Winging it… and reading a little Agatha Christie

So, I am easing up on the blog tours a little. Don’t get me wrong, I love doing it but it was suddenly pretty much all I was doing. So here I am. No blog tour, just a girl, in front of a reader, hoping that they’ll want to carry on reading. 🙂

I am still reading. I have such a massive tbr pile that I thought I ought to get cracking on it. I decided to begin with one from my Agatha Christie shelves. The Murder of Roger Ackroyd. The edition I have is a beautiful facsimile of the original 1926 edition. My copy was printed in 2011 and it is a much treasured gift.

The Murder of Roger Ackroyd was, I believe, the 3rd Hercule Poirot story to be published. I have heard it said to be one of the greatest crime stories ever written. I have been itching to read it and I have to say it is an absolute joy. It appears to be rather later in the life of Poirot. Hastings is living abroad and Poirot has retired, craving anonymity in his country retreat. (Well as much anonymity as Hercule Poirot could ever desire). Of course a murder is committed and a likely suspect is being hunted. All evidence points to the victims step son, but Hercule, as always, finds that all is not quite as it seems.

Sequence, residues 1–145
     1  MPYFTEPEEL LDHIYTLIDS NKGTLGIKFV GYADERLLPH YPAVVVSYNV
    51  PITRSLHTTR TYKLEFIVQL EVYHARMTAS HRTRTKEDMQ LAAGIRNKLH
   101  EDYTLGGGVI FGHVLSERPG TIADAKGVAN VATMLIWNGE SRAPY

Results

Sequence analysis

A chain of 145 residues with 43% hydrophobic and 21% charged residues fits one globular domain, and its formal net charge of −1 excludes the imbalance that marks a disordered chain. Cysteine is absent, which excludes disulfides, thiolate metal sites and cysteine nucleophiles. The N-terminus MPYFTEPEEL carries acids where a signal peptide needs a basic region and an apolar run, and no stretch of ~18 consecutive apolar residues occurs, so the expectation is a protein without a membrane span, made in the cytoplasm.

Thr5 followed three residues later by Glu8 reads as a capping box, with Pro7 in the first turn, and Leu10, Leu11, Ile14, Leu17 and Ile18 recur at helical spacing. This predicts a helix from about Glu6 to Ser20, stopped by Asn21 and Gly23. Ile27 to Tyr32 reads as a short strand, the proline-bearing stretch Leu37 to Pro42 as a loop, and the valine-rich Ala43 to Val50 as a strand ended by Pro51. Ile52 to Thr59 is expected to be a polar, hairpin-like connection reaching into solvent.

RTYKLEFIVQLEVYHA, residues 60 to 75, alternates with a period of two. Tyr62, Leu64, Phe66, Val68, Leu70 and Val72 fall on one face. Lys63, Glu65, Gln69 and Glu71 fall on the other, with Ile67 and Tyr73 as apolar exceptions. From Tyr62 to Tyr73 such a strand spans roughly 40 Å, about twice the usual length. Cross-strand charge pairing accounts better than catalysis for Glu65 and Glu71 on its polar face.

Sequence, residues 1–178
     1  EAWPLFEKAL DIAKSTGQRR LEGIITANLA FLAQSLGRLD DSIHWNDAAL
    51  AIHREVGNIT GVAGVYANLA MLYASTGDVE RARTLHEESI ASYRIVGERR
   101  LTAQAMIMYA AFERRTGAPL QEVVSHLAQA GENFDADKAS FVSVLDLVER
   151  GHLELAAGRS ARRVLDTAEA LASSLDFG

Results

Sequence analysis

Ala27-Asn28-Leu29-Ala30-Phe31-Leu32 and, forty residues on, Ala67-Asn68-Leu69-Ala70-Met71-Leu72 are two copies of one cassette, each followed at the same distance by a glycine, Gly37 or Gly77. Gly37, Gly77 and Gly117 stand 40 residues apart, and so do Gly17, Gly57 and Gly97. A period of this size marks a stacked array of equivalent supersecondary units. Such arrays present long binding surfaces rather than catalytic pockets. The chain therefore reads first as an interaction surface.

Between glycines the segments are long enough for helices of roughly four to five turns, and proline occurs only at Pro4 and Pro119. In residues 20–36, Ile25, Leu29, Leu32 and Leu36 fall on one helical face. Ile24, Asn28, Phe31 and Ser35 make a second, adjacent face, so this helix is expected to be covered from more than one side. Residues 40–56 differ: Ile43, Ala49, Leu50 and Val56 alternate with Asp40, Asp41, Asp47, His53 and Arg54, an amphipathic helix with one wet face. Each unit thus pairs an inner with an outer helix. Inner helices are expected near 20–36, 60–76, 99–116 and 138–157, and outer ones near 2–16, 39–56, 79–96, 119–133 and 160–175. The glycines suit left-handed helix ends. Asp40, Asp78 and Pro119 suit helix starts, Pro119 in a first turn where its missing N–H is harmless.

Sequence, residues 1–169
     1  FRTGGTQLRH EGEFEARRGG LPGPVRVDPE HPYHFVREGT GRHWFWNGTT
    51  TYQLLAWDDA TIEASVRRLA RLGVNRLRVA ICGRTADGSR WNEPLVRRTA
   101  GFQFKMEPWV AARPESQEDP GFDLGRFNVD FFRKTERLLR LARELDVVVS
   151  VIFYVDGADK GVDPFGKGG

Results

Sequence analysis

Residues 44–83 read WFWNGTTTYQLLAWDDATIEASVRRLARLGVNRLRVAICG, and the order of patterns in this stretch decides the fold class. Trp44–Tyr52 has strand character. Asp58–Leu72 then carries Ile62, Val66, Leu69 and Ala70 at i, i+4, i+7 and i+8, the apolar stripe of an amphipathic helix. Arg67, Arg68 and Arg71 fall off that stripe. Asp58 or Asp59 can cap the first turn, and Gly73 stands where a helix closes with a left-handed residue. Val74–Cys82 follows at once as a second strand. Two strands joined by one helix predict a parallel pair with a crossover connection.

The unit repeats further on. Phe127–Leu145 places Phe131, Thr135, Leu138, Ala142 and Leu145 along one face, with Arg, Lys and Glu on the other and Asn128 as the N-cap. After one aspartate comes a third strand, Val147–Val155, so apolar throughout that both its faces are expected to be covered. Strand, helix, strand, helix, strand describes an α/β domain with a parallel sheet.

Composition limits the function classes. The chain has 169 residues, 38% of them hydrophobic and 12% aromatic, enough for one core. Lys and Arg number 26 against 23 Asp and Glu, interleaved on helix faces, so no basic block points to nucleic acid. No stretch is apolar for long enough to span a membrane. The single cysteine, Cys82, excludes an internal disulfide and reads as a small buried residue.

I am a bit of an Agatha Christie nut. These books written nearly a hundred years ago now, well they still thrill me. The brilliance of the writing. The bygone era that they resurrect. The characters that come to life as soon as you open the pages. I can almost see Poirot out of the corner of my eye, fussing and missing not one single thing. They are truly wonderful and I am enjoying every minute!


M. Poirot, the hero of The Mysterious Affair of Stiles and other brilliant pieces of detective deduction, comes out of temporary retirement like a giant refreshed, to undertake the investigation of a peculiarly brutal and mysterious murder. Geniuses like Sherlock Holmes often find a use for faithful mediocrities like Dr. Watson, and by coincidence it is the local doctor who follows Poirot round, and himself tells the story. Furthermore, as seldom happens in these cases, he is instrumental in giving Poirot one of the most valuable clues to the mystery.

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